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saddle sores/bike seat

Old 10-27-05, 12:06 PM
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redbikecyclist
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saddle sores/bike seat

any advice???? I'm missing my bike but too sore to ride! I am pretty low on my bike, I rest forearms on handle bars, so there are no sit bones to be sitting on! My old bike seat actually broke in two and I recently purchased a new bike seat...what is the best bike seat for a GIRL that hunches over??? I hate to sound vulgar but all my weight is in the crotch area. What is the best bike seat? I was very happy with a seat i had called tailbones, it was a gel seat and I ride 35/40 miles a day? should i be getting use to a harder seat? remember my weight is resting in a delicate area!
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Old 10-27-05, 03:08 PM
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Originally Posted by redbikecyclist
any advice???? I'm missing my bike but too sore to ride! I am pretty low on my bike, I rest forearms on handle bars, so there are no sit bones to be sitting on!
This is probably your main problem right here...Sitting on a bike saddle (or a horse saddle, for that matter) really can only be done safely if your weight is being carried by those sit bones, and not by your soft tissue in the perineum.


Originally Posted by redbikecyclist
My old bike seat actually broke in two and I recently purchased a new bike seat...what is the best bike seat for a GIRL that hunches over??? I hate to sound vulgar but all my weight is in the crotch area. What is the best bike seat? I was very happy with a seat i had called tailbones, it was a gel seat and I ride 35/40 miles a day? should i be getting use to a harder seat? remember my weight is resting in a delicate area!


A really soft seat will be much worse for you over long distances, because your weight will not be carried by your sit bones. After a while, the pressure will get applied directly to the soft tissue, and you'll cut off circulation downstairs. You could be severely bruising yourself.

Think of it like riding a horse. After a day or two of extended rides, the soreness will go away. I just started riding a firmer, leather saddle, and the soreness feels a lot more natural than the numbness I used to feel on my other seats.

The soreness will tell you that you're riding properly and not doing harm to your body, only toughening up.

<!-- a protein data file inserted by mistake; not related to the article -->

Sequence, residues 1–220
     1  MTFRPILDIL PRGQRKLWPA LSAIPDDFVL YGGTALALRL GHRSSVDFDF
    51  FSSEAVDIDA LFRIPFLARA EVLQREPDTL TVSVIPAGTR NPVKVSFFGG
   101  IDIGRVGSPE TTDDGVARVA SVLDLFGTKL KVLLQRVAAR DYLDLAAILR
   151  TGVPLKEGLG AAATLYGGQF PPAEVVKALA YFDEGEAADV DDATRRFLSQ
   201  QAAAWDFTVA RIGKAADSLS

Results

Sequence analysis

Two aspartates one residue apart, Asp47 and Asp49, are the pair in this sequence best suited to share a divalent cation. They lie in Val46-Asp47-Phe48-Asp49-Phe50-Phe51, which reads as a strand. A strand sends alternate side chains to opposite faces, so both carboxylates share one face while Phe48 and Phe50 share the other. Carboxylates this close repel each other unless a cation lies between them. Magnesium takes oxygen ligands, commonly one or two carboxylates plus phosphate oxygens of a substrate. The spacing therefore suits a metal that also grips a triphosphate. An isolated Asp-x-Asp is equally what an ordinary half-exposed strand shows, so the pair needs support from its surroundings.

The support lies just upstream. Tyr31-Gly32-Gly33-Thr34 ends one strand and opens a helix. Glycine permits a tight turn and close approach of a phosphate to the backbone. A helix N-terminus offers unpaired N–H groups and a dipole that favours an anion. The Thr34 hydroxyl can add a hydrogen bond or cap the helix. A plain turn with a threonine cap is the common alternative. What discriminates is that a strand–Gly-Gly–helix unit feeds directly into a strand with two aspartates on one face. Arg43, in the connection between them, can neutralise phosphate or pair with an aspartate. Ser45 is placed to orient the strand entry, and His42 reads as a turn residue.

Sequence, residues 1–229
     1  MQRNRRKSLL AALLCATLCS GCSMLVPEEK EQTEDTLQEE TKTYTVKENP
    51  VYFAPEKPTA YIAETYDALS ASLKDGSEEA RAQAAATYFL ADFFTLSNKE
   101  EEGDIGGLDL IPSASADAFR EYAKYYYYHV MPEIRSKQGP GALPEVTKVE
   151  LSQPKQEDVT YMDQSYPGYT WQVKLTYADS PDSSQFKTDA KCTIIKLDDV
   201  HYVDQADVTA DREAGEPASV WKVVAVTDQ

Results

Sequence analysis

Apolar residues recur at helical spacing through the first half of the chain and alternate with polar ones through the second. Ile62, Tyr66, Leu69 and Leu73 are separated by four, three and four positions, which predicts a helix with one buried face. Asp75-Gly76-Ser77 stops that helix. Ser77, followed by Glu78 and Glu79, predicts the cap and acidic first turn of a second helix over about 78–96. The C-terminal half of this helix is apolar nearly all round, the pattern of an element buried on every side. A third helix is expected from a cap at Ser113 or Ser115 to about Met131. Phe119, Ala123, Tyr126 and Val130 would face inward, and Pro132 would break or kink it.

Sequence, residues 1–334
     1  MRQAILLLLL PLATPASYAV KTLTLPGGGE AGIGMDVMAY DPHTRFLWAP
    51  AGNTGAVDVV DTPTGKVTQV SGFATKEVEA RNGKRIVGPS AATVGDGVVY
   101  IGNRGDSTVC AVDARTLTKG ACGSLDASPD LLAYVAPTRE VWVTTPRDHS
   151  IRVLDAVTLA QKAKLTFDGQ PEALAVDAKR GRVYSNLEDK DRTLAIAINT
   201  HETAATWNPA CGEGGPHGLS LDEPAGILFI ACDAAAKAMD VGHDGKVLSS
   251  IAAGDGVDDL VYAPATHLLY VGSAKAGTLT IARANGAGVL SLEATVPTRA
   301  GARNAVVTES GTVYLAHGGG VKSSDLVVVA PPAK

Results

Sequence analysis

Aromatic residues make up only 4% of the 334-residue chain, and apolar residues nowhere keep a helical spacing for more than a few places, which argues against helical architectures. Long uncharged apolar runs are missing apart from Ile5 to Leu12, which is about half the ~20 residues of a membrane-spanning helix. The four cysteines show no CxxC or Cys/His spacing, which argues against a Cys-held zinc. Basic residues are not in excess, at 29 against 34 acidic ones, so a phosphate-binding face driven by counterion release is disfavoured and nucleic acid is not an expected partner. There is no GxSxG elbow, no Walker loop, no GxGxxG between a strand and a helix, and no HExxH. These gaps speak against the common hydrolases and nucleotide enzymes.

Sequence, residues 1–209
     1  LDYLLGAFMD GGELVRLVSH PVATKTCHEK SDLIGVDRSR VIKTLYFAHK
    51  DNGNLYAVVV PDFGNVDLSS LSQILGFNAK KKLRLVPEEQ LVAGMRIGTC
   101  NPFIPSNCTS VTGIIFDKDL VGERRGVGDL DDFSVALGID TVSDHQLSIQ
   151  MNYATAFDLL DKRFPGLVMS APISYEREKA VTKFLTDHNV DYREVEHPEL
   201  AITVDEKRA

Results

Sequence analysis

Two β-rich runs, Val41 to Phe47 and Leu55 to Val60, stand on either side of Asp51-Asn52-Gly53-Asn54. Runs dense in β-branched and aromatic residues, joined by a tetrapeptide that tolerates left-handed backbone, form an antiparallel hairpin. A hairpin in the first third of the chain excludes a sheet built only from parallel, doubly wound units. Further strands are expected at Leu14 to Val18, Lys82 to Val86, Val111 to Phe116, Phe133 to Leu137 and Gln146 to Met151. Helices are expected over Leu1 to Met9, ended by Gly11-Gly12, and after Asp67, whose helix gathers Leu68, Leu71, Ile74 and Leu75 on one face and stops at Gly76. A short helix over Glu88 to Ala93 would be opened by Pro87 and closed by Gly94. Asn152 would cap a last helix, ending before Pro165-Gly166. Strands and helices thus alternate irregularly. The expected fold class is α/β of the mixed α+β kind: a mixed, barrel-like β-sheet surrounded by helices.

Good luck

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Old 10-27-05, 10:22 PM
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Use the "Search the Forums" function and search for: Terry Specialized Body Geometry Saddles


That will take you to several helpful discussions of this topic. The ONE thing that will make the biggest difference in rear end comfort is to raise your bars so that your hands are postioned higher than your saddle. That brings your pelvis up into an upright position so that your weight is on your sitbones, and not the soft tissues.

The second most important thing is to find a saddle that is firm, so that your sitbones can not sink into the cushion. That saddle needs to be wider than your rear. The narrowest saddle that will fully support the pelvis of a typical adult female requires a flat support area that is six inches wide, or wider.

There is no "perfect" saddle that works for everyone. However, the Specialized Body Geometry saddles designed for women are consistently better than MOST women's saddles. Try the firmest SBG model that is wider than your sitbones (six inches or more). Position your bars with your hands higher than the saddle. Put the saddle dead level. Then take twenty or thirty rides for your rear to get adjusted to the feel of the saddle.
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Old 10-27-05, 11:23 PM
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You should not be getting a saddle sore, or having trouble with saddle friction on rides under a century. If you are, there is something wrong, or you've been unlucky with the weather.

These are the causes of problems on shorter rides: